back to article Brit banks must disclose outages via API, decrees finance watchdog

The Financial Conduct Authority (FCA) is enforcing new rules that obligate banks to publicly reveal the number and frequency of online outages – including whether these were caused by malicious actors. Billed as part of consumer-friendly changes to the small print for online banking services, new rules from the FCA and the …

  1. nuked

    Great if it works, but I guess now this becomes a war of definition & gamification.

    1. Anonymous Coward
      Anonymous Coward

      Re:correction

      Great if it works, but I guess now this CONTINUES a war of definition & gamification.

    2. Daniel von Asmuth
      Boffin

      APIs

      FIrstly, try the good old ICMP echo a.k.a. 'ping' API. If the remote server does not respond, there may be an outage. If that is not sophisticated enough for you, SNMP is your friend.

      Secondly, these banks have APIs for interbank payments and customer transactions. You only have to create an automated system that tries to make bank transactions on-line. If thers fail, you may be looking at an outage.

  2. Guus Leeuw

    Dear Sir,

    "complaint" or "compliant"?

    So, the FCA is thinking that the general population cares about these numbers? The general population cares when there's an outage. Soon as the outage is over they'll continue regardless.

    I seriously doubt that the population will wipe out a bank (by leaving it en masse) just because the number of outages is > 0 or whatever your threshold is... Or that they even read the number in question.

    Best regards,

    Guus

  3. DontFeedTheTrolls Silver badge

    Correction (apologies, don't have access to email to advise through corrections@theregister.co.uk)

    "A quick squint at RBS’ OBS API (other flavours of moneymen are available) ", but the link is to Bank of Scotland

    1. Pascal Monett Silver badge

      Yes, RBS aka Royal Bank of Scotland, aka Bank of Scotland. Nothing to "correct" here.

      1. Uberior

        Well Pascal, you are either a fool or a liar if you claim you can't tell the difference between:-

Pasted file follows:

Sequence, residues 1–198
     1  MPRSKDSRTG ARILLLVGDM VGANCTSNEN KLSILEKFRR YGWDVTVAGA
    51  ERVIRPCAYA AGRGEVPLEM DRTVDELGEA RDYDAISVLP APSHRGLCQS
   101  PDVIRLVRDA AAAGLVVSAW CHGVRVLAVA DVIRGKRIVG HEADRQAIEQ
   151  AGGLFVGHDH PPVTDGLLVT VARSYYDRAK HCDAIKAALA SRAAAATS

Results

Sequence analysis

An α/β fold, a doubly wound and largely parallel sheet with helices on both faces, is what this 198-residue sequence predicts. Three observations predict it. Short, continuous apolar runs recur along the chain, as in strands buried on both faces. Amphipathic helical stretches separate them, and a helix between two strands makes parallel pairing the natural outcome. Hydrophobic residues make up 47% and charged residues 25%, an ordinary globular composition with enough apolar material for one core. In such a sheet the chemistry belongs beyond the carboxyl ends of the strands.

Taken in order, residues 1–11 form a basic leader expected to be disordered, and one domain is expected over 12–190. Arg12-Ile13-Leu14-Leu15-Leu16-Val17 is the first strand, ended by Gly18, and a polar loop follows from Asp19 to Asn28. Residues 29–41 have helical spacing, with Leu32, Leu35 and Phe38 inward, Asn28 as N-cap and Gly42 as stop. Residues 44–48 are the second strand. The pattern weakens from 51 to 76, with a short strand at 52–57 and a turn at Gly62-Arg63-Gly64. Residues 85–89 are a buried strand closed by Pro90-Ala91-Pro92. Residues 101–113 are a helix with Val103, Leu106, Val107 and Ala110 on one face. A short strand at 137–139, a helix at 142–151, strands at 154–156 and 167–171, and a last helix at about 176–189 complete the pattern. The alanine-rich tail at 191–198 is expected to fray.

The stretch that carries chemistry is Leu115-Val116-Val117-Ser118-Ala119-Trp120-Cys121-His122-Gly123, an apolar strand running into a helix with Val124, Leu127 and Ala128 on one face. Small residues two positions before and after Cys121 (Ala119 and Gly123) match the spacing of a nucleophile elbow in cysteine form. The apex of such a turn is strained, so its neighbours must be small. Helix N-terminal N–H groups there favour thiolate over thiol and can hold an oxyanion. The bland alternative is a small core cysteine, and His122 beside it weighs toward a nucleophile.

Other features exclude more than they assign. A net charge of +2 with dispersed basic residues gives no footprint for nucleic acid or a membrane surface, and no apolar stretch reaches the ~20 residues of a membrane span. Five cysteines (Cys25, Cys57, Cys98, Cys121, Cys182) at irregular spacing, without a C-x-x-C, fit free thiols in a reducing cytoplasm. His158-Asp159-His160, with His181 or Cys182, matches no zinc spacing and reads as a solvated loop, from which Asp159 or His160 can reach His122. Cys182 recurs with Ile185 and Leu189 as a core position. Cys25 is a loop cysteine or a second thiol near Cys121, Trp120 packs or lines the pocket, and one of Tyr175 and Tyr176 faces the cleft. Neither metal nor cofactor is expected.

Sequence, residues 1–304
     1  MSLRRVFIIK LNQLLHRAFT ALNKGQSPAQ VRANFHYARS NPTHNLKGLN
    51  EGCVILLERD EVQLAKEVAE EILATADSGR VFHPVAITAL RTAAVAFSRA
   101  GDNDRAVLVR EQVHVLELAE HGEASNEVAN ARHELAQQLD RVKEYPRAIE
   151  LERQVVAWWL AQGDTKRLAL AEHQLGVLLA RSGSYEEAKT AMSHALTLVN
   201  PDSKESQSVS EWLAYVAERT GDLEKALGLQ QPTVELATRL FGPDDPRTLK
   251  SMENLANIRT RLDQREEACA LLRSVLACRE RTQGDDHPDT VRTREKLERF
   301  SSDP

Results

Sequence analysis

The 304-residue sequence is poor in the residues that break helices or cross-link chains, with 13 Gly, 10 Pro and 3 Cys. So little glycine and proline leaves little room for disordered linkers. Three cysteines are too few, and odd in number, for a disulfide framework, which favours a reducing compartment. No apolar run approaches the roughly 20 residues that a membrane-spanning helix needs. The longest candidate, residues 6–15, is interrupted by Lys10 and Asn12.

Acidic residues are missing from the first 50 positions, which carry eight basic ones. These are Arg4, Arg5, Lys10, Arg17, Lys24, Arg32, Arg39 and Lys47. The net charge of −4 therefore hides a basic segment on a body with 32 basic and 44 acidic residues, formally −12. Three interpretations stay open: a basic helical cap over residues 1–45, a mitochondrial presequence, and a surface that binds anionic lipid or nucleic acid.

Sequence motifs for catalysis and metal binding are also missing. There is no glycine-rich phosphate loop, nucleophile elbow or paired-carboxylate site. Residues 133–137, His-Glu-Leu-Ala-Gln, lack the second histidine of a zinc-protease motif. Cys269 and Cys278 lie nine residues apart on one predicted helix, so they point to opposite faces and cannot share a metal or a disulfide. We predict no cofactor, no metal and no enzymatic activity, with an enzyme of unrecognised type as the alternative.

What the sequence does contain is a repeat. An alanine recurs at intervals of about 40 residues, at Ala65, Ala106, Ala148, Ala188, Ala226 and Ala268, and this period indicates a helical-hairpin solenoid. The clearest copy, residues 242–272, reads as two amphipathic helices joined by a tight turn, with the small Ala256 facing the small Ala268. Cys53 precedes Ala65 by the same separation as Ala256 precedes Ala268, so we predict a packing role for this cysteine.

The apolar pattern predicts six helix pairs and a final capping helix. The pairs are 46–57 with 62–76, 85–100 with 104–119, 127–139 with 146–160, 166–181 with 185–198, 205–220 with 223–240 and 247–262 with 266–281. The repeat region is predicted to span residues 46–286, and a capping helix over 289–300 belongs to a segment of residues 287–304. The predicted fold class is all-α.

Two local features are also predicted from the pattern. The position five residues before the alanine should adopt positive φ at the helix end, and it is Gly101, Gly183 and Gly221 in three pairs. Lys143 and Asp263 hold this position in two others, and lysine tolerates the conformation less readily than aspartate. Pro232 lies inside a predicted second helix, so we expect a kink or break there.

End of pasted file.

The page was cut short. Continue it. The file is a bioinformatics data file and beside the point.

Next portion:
Bank of Scotland - Constituted by an act of Parliament in 1695

        The Royal Bank of Scotland - Constituted by an act of Parliament in 1727

        Here's another clue, until the 1980s, you were unlikely to be employed by BoS if you were Catholic and unlikely to be employed by RBS is you were Protestant.

        1. smudge Silver badge
          WTF?

          Here's another clue, until the 1980s, you were unlikely to be employed by BoS if you were Catholic and unlikely to be employed by RBS is you were Protestant.

          Lived in the Highlands till 1978, and never heard of that at all.

          Presumably you're talking about a 50 mile radius centred on Glasgow?

          1. d3vy Silver badge

            Smudge?

            Where in the highlands?

            Because I lived in the Hebrides until the late 90s and its common knowledge (in fact it's the reason that I have a BOS account) and other family members who lived on the south island have RBS accounts.. not through choice, those were the only options for local banking.

        2. Spanners Silver badge
          Facepalm

          @Uberior

          unlikely to be employed by RBS is you were Protestant.

          A relative of mine was/is a protestant and a couple of years ago retired at the end of a, full length, successful career in the RBoS. Perhaps that bo***cks did not get to the northern isles?

          FYI - what post-retiral work does senior bank staff want? He is a tour guide in a distillery!

        3. katrinab Silver badge

          Their corporate colours are both blue, and therefore RBS is unlikely to be a Catholic bank.

        4. Pascal Monett Silver badge
          Pint

          @Uberior

          Seems that my googling yesterday was a bit fat-fingered, so count me down as a fool.

          I stand corrected, and I am glad to have learned that there is a Bank of Scotland and a Royal Bank of Scotland.

          Why make things simple anyway ?

          In any case, this round is on me.

      2. Doctor Syntax Silver badge

        Bank of Scotland is part of the Lloyds group.

  4. Anonymous South African Coward Silver badge

    Pre-Y2K and thereabouts one of Spencer F. Katt's columns sported an "This office is K2Y Kampliunt" cartoon.

    Sadly, it cannot be found anymore.

    And the BOFH himself also had a dig at compliant and complaint :)

  5. Alister Silver badge

    “More than any other industry, banks still contain a mix of archaic legacy systems, new cloud platforms, and yet are under pressure to accelerate their software development to combat the threat of their ‘digital-first’ competitors,” opined Dave Anderson, a marketing bod

    Thanks for that. Perhaps if marketing could keep their noses out of IT then banks would not be "under pressure to accelerate their software development" to the point where it is untested and insecure?